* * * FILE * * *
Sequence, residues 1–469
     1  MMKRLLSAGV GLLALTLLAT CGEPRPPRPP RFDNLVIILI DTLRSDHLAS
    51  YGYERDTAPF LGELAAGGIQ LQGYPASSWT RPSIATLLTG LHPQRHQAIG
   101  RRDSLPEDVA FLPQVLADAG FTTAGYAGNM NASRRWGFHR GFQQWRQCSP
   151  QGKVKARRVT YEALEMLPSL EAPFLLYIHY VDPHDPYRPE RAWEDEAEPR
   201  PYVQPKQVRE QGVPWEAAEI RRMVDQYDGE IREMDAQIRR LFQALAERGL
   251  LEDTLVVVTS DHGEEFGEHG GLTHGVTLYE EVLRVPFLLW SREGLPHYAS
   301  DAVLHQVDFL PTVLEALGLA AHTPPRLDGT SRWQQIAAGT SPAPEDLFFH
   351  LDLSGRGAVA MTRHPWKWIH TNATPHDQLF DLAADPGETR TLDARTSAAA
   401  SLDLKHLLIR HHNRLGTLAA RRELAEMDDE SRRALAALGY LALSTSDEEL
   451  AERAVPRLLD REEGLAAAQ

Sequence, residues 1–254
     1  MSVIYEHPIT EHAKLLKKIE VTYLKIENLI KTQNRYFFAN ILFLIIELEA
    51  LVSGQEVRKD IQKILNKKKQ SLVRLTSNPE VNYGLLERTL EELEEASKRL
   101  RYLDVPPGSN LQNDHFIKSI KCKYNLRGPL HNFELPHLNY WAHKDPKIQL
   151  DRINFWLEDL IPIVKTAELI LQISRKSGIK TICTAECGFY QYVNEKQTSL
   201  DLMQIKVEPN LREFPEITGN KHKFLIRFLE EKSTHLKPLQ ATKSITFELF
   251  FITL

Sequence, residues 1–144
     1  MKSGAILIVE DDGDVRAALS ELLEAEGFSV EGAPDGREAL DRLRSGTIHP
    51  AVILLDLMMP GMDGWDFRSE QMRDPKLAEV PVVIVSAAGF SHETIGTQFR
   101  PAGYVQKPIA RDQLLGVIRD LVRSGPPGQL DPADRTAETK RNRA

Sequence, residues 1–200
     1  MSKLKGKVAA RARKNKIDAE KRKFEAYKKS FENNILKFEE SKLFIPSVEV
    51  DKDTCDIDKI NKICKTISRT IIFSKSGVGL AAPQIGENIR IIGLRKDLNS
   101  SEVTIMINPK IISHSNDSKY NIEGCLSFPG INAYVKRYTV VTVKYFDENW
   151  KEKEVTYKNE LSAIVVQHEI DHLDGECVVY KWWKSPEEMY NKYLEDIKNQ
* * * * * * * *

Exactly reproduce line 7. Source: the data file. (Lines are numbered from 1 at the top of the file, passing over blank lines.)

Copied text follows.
   251  LEDTLVVVTS DHGEEFGEHG GLTHGVTLYE EVLRVPFLLW SREGLPHYAS